Hells Angels sues Redbubble for breach of intellectual property in shirt designs

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THE Hells Angels outlaw motorcycle gang has passed the hat around its members, raising $30,000 in a bid to keep its lawsuit against a hipster T-shirt website afloat.

Browns Plains-based Hells Angels Motorcycle Corporation (Australia) – declared a criminal organisation by the Queensland Government in 2013 – has sued website Redbubble for breach of intellectual property after its fearsome logo appeared on three T-shirts and one poster purchased from Redbubble in 2014.

‘HURT’: Hipster retailers sued

The club points to a $31 T-shirt with the Hells Angels crest on it, a “Hells Angels Maths Club” T-shirt and a “Hells Angels Movie” T-shirt, and a poster of a bikie wearing his colours sitting with a girl.

The club says its “skull” logo is “highly valued by club members” and should only be worn by those who belong.

In the Federal Court on April 22, Dimitrios Eliades, barrister for the Hells Angels, told the court that just hours before the hearing some members had scraped together the cash to help pay the “security for costs” needed for the case to continue.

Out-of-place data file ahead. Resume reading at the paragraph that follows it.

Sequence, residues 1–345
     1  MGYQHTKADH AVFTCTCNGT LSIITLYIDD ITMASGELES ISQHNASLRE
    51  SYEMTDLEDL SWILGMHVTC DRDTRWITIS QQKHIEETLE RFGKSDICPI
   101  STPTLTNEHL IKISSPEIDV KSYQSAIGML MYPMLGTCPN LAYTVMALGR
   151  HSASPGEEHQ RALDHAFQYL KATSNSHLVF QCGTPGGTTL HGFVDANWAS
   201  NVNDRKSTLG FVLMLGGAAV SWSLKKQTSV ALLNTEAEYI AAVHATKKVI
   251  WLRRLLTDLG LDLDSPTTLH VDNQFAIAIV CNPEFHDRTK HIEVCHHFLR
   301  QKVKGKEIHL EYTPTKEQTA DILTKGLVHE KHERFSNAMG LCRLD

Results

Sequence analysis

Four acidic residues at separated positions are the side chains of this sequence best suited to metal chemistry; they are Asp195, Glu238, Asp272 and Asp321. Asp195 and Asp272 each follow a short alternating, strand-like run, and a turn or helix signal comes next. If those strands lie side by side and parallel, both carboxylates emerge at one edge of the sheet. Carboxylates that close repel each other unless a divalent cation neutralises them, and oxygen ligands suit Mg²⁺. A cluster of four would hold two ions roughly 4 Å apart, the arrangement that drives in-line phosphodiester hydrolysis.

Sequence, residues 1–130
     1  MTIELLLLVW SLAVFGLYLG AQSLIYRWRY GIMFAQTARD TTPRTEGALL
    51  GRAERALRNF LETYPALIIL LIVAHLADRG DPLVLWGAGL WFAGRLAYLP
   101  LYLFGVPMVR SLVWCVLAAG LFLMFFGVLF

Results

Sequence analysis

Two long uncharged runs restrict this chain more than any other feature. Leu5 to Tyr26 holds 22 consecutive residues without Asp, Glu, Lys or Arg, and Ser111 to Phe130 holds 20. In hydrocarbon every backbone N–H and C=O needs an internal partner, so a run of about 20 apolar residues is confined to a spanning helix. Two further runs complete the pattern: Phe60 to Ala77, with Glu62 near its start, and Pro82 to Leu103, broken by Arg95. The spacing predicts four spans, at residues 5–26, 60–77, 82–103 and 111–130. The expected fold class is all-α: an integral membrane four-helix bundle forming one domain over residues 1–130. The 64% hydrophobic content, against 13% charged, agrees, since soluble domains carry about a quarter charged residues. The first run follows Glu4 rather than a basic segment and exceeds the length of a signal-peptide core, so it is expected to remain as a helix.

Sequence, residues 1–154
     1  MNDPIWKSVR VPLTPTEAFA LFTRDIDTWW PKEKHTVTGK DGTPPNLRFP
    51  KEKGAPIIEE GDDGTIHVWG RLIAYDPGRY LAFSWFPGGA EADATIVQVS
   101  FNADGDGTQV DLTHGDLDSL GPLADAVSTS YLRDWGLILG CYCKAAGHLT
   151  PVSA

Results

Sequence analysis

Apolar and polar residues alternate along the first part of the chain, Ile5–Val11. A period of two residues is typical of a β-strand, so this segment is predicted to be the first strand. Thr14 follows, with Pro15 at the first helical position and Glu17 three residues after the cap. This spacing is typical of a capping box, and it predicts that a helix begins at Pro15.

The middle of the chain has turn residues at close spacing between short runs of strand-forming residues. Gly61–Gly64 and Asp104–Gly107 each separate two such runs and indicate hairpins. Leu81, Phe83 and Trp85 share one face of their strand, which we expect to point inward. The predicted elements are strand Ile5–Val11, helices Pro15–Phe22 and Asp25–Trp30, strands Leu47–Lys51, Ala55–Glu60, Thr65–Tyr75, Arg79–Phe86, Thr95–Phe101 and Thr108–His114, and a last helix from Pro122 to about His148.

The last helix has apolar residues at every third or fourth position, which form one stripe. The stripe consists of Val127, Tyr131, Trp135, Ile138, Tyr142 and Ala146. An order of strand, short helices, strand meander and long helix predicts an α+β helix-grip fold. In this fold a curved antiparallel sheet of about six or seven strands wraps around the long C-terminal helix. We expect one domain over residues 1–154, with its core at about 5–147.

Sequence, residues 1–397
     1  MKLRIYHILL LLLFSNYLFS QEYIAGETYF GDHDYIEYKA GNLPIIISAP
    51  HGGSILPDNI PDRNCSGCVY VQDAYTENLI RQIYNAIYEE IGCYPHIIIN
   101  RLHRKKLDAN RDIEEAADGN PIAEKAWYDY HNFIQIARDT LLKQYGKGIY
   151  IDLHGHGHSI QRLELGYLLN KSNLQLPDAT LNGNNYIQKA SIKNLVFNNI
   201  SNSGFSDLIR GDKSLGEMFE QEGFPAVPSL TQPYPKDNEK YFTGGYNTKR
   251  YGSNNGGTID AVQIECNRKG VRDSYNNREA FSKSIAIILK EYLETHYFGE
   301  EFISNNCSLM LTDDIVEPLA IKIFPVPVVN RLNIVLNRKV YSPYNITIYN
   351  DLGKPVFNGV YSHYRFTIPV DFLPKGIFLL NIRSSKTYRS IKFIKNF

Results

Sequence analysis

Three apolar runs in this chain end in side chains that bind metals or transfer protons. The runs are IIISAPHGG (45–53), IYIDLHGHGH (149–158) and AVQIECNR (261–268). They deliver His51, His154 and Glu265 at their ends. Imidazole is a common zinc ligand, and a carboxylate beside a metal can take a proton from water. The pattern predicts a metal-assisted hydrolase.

Redbubble, which plans to float on the securities exchange in two weeks, has previously sparked controversy by selling T-shirts of satirical online comic strip “Hipster Hitler” and baby bodysuits featuring headshots of infamous serial killers.

The design the Hells Angels are objecting to.

Many of its designs refer to drug use, use expletives or show images considered too risque for mainstream fashion outlets.

The site posts 15,000 new designs every day.

Redbubble’s gross profit last year was $24 million and the company is holding $13 million in cash on its balance sheet, the court was told.

Mr Eliades told the court the $30,000 was raised after unemployed Brisbane chapter president Mark Nelms spoke to the club’s national secretary after midnight on April 22.

The club has 14 Australian “chapters” nationwide, the court was told.

Barrister Neil Murray, for RedBubble, told the court the $30,000 was “too little, too late” and the case should not be permitted to continue.

The Hells Angels club was able to buy $81 worth of allegedly infringing items from Redbubble online, Mr Eliades told the court.

“We have bought products which we consider to be infringing,” he said.

US-based company The Pokemon Company International has also sued Redbubble claiming 30 breaches of trademarks.

Justice Greenwood has reserved his decision.

Members of the Gold Coast Hells Angels chapter.

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